During week 4 of mini medical school we were presented with a session about kidney transplantation. As I had already learnt about this topic in biology it really helped as I was able to understand more. We discovered how dialysis has changed throughout the past 50 years and the newer alternatives. This helped me learn a lot more than I already knew.

On the fifth week the topic was named “Sex, Drugs & Rock ‘n’ Roll” this was a good name for the session as it was unknown to what we we’re going to talk about until we arrived. In this session we spoke about HIV and the treatment possible, along with all the other topics we looked at how it’s changed throughout the years. I really liked this evening as Dr Christopher Duncan and Dr Ewan Hunter included humour as well as knowledge.

“There was a range of subjects for everyone which was brilliant as it enabled anyone to participate”

I then attended a mini medical school practical, I chose the topic of Psychology. My day was split into two, first we looked at how the brain worked and the certain areas of it. In the second part we looked at eating disorders and the psychology behind it, for me that was so interesting as it really opened my eyes how to recognise it early, not in only myself but my peers too.

On the sixth and final week we talked about sun protection and dermatological skin problems. The speakers were amazing and worked so well as a team, they told us that even the most famous celebrities suffer from skin diseases such as acne, psoriasis, etc. We also completed a quiz on how to detect cancerous moles, a very helpful technique to use in life. I found this session very interesting and a great way to end the course.

Overall, the Mini Medical School is one of the best experiences I’ve had. I have loved every single minute of it and learnt so much from attending the sessions, it was very enjoyable and didn’t seem like a chore each week – I’m looking forward to next year!

 

To be added to the mailing list for next years Mini-Medical School, please email minimedicalschool@ncl.ac.uk

#TryThisTuesday Halloween Special!

Slime Two Ways

Happy Halloween! Here’s two of our favourite ways to make spooky slime with things you’ll find lying around the house, or in your local supermarket.

Magnetic Slime

Step 1

Ask an adult to help you remove the ink tube from the highlighter using a pair of scissors and squeeze the ink into the bowl. You might want to wear some plastic gloves to avoid getting the ink all over your hands!

Step 2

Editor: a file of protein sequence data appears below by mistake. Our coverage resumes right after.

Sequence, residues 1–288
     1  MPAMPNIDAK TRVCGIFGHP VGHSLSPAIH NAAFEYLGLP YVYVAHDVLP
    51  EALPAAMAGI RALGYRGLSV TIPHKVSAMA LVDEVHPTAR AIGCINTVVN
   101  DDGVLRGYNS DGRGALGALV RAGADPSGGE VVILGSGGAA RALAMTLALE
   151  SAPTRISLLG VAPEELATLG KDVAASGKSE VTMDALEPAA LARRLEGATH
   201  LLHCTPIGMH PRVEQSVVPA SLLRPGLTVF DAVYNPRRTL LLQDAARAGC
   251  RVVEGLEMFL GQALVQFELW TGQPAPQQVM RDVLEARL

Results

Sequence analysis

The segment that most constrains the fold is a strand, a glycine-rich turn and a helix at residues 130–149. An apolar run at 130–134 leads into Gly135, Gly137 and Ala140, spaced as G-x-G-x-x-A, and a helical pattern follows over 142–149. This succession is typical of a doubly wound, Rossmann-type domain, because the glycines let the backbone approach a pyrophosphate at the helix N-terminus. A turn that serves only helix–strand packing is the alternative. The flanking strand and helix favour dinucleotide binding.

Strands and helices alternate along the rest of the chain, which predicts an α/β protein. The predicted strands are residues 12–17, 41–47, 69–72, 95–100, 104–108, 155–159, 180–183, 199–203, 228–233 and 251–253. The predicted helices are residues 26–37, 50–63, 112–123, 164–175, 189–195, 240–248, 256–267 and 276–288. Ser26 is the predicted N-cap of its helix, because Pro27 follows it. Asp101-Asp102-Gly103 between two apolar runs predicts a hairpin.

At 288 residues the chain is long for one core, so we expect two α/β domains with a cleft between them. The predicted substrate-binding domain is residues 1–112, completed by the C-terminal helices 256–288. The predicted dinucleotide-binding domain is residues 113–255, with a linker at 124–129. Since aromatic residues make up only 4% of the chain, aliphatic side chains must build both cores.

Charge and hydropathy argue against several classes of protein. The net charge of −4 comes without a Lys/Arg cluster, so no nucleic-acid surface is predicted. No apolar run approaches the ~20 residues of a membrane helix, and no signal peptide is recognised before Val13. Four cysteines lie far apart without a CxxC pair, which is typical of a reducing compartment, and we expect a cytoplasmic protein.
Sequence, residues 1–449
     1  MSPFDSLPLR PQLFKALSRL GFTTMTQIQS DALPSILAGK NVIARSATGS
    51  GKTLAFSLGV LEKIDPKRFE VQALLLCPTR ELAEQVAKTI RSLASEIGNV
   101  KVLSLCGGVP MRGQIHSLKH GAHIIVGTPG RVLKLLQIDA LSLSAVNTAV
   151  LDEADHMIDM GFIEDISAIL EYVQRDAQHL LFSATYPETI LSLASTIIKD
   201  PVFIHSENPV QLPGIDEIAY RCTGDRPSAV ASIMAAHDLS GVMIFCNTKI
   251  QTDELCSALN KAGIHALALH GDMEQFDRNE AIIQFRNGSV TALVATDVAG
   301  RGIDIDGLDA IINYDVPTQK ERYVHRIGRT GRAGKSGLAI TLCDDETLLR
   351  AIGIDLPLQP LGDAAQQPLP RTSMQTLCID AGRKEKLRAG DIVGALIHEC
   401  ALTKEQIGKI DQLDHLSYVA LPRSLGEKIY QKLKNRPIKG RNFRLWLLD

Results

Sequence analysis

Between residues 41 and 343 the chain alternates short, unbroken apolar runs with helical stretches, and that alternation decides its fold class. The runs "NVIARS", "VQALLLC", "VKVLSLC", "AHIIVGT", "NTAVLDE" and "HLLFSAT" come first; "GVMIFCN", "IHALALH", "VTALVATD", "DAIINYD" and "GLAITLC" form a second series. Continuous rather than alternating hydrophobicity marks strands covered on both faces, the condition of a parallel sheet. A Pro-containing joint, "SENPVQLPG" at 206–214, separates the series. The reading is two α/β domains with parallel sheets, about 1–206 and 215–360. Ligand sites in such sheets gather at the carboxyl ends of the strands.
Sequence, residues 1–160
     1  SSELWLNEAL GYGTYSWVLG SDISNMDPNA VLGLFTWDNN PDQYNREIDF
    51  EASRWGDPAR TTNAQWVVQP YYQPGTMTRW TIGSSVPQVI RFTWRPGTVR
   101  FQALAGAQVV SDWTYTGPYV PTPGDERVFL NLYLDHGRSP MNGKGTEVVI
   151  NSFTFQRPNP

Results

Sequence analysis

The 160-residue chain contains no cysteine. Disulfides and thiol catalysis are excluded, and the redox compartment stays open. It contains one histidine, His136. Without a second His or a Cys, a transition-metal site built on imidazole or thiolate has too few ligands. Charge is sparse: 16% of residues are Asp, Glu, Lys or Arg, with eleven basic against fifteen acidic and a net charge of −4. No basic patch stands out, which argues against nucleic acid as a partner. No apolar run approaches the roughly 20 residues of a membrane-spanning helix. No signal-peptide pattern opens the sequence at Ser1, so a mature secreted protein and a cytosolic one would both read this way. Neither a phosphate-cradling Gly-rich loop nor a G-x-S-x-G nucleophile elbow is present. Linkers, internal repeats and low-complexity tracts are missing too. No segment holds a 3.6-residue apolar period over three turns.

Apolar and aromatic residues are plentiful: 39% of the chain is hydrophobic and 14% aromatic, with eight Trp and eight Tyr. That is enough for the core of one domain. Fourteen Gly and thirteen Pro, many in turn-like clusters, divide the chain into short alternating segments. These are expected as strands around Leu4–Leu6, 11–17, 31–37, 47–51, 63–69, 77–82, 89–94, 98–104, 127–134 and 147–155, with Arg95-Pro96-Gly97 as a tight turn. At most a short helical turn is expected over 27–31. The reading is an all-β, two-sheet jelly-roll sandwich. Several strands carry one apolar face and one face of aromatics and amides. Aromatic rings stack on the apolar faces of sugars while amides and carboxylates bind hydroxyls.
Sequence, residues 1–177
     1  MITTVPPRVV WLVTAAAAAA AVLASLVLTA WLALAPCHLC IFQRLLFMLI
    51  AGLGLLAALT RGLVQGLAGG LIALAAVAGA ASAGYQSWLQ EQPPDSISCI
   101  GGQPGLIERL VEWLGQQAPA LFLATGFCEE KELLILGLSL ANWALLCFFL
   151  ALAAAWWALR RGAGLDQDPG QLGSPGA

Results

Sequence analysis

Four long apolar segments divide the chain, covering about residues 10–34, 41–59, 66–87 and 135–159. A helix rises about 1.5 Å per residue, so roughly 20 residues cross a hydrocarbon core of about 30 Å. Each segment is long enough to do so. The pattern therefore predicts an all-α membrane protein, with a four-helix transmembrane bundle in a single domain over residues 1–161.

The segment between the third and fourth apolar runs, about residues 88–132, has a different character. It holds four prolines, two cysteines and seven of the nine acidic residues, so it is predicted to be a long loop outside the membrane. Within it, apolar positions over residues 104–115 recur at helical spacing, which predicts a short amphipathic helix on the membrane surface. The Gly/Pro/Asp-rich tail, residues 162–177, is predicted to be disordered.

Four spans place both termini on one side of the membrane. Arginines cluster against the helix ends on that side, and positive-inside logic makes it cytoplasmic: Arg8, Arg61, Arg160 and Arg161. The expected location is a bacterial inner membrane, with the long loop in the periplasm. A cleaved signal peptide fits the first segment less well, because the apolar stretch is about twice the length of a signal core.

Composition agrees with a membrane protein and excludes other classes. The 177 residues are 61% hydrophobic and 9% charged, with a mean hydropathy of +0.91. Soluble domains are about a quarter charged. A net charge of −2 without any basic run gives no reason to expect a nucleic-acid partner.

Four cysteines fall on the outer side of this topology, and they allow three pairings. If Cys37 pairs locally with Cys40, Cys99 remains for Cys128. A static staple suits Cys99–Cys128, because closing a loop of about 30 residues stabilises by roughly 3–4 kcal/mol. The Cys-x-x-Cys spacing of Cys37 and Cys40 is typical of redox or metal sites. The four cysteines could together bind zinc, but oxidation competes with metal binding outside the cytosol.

Add the liquid glucose and mix (we added Halloween confetti at this point for an extra spooky edge!)

Step 3

Gradually add cornflour and mix to get a slimy consistency, then add iron filings and mix, adding more as necessary.

Step 4

Move the magnet on the outside of the cup, and watch as the slime creeps up the side!

Step 5 (optional)

If you have access to a black light, shine this at the cup to make your slime glow in the dark!

      

The science!

The cornflour and liquid glucose mix together to create a non-Newtonian fluid, a fluid that changes in viscosity (how runny it is) with a change in pressure applied to it.

When the iron filings are added and dispersed throughout the slime this makes the mixture magnetic!

The black light emits ultraviolet light which is invisible to the naked eye, but when shone on the highlighter it emits a brilliant glow!

Reversible blood slime

Step 1

Carefully cut open the lining of the nappy and shake out the crystals from inside onto a sheet of paper. You may get some cotton coming out too so just be careful to take this out before step 2!

Step 2

Put the crystals from the nappy into the bowl or container, you’ll only need about a tablespoon full, and add about 250ml water and a splash of red food colouring

Step 3

Stir the mixture and watch closely as the water is absorbed by the crystals and begins to look like a thick slime! Again, we added Halloween confetti to ours to make it even more mysterious!

Step 4

To reverse this process, and turn the slime back into water and food colouring, all you have to do is add salt and mix and watch as the process takes place.

 

The science!

The crystals that are in the lining of nappies are known as a hydrogel. The hydrogel here is a polymer (a long chain of repeated molecules) called sodium polyacrylate and is superabsorbent, meaning it expands when it comes into contact with water and can hold a huge amount of liquid!

When the salt is added, the polymer collapses due to the a change in the ionic concentration of the solution and so the water-holding ability of the hydrogel is broken.

#TryThisTuesday: Bending Water

This week’s experiment is quick and simple but sure to amaze!

You will need:

  • A balloon
  • An indoor tap
  • Clean dry hair

Method:

  1. Turn the tap on so there is a very thin but constant stream of water flowing
  2. Rub the balloon on your hair until you form static (about 10 seconds, until your hair begins to stand on end)
  3. Slowly bring the balloon close to the flowing water while being careful not to actually touch the water
  4. Watch the water bend towards the balloon!

 

The Science

When you rub the balloon on your hair, tiny electrons are collected on the balloon. These electrons have a negative charge. This causes the balloon itself to have an overall negative charge, therefore it is attracted to things with a positive charge (opposites attract!). The flow of water has a positive charge, therefore the attraction is strong enough to pull the water towards the balloon.

This is known as static electricity!